Many years ago now, Martin Mull (apparently) said that “writing about music [or maybe he said painting] was like dancing about architecture.” The same could be said about trying to force an existing course into a digital realm that is inherently different from the analog one.

Here’s an example of what I mean: One research study after another demonstrates that when young people use digital media, they use it as much to create content as they do to consume content. Far too many teaching models in the analog world are predicated on push methodologies (professors pushing content at students) and, not surprisingly, the online courses that are taking presidential suites by storm are equally predicated on push methods of teaching.

For the current college-age generation, the digital realm is a creative space. Thus, using digital media to push content at students without giving them the opportunity to create is like dancing about architecture.

Instead of rushing lemming-like toward push platforms like Coursera or the Khan Academy, we should be thinking carefully about how teaching and learning in the digital realm is different. Then, and only then, should we start creating new approaches to teaching and learning. BlackBoard and its ilk won’t help us. MOOCs won’t help us either.

Who then will help us? Our students, that’s who. By involving them in the process of creating something entirely new, something that maximizes the potentialities of digital media as lived by our students (as opposed to cadres of corporate coders), we will have a chance to get it right this time.


The Online Course Tsunami (3)

In the first two posts in this thread, I asked a series of questions about how we might assess both the learning that takes place in online courses and the economic impact of a shift to online courses, especially at a university like mine. Today I want to turn to a consideration of the broader impact of the current mania for online learning on our curricula.

After all, what universities offer students, at least in the intellectual realm, is a curriculum. Start ups, like Coursera and Udacity are offering courses. Of course, one day these platforms might offer entire curricula, but I’m more than happy to bet $50 that most universities will resist offering more than a basket of courses through these sites for the simple reason that our business models at the bricks and mortar universities are predicated on more than tuition revenues. We want students to live in our residence halls, buy food from our food services, pay for parking, and all those other ancillary revenue generators we’ve found to make ends meet.

It’s fine for a business like the University of Phoenix to offer only courses, because their business model was always based on tuition revenue (and possibly other sources such as advertising revenue). Also, the online only universities are not stuck with the fixed overhead factor called tenure. They can upsize or downsize their faculty at will. But the bricks and mortar institutions have physical plants to maintain (and rent out to students) and faculty like me who they are stuck with until we retire.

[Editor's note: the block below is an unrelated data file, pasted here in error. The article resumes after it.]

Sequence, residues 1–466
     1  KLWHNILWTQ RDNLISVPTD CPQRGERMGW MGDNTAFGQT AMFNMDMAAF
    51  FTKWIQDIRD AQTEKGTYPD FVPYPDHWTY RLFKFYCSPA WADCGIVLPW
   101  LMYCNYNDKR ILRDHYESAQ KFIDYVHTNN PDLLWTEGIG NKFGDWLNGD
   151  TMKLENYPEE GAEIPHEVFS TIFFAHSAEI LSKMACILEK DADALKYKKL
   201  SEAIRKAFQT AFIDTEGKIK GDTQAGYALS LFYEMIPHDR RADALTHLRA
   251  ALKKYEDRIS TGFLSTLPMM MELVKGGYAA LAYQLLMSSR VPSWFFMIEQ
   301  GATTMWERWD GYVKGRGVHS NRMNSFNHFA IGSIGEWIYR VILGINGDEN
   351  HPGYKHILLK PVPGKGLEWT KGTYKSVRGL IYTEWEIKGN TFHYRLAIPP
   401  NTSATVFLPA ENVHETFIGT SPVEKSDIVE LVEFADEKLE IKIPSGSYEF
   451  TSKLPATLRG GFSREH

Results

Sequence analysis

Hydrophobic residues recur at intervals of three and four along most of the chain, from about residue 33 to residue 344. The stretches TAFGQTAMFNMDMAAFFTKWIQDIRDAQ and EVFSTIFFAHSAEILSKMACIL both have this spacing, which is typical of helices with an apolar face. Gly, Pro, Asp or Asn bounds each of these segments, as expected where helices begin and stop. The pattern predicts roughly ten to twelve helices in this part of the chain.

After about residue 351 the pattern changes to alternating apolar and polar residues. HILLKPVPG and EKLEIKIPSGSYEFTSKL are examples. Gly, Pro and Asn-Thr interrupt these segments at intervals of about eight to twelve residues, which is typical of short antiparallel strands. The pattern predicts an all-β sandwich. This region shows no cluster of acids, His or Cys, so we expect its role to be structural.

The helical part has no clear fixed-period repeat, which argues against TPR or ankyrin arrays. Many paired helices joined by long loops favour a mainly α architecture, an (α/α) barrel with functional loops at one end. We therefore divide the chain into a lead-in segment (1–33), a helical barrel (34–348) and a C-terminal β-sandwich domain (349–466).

So, for the foreseeable future, the bricks and mortar institutions are going to be in the curriculum business, not the course business.

What, then, will happen to our curricula if our students begin taking lots of courses–likely introductory courses–through online shops like those just mentioned? While we might thumb our noses at upstarts like the University of Phoenix, can we really tell our students, “Sorry. We can’t accept that online course you took from Harvard/Virginia/Rice through Coursera.”

At George Mason, given our current “study elsewhere” policy, we’ll have to do just that unless our students, once they matriculate, receive prior permission to take these courses, and, according to the policy, those courses must not be available at our institution. Examples of how we grant students permission to study elsewhere are when they are at home during the summer (away from our immediate area) and wish to take a course from their local institution, or if they want to take American Sign Language, which we do not offer. Otherwise, they have to take the credits from us once they have matriculated. At a minimum, this policy will have to change for our students to take advantage of the offerings from vendors such as Coursera.

But more important than a policy shift is the question of what happens to our majors when our students take their basic courses from an online vendor?

History is always a particularly difficult curriculum to structure, especially at a university such as Mason where half our undergraduate students come to us as transfers. It is relatively easy to assume what our students do or do not know when they sign up for a 100-level course (we assume they know next to nothing). But what about an upper level course such as the survey of modern Eastern Europe I’ll be teaching this fall?

If I were teaching a 300 level mathematics or Arabic course, I would already have a pretty good idea of where my students are with the curriculum because they have proceeded through a sequence of courses to get to mine. Not so this August when I meet the students signed up for my East Europe course. I have to spend the first week or so gauging what they know and don’t know before I can really get going. That’s a week I am loathe to give up. As it is, I have to make it from the 1890s to the early 2000s in just 14 weeks.

Because we have a very good working relationship with our local community college systems, I know that whether these students have taken their introductory European history course from one of those colleges or from us, they will arrive in my classroom having taken relatively similar courses. But if those students have taken their introductory European history course from any one of a dozen or more institutions, I’ll have no idea whatsoever about their prior knowledge and skills.

Will such a situation ruin my course? Definitely not. But it will cost me at least an additional week trying to figure out what they know and don’t.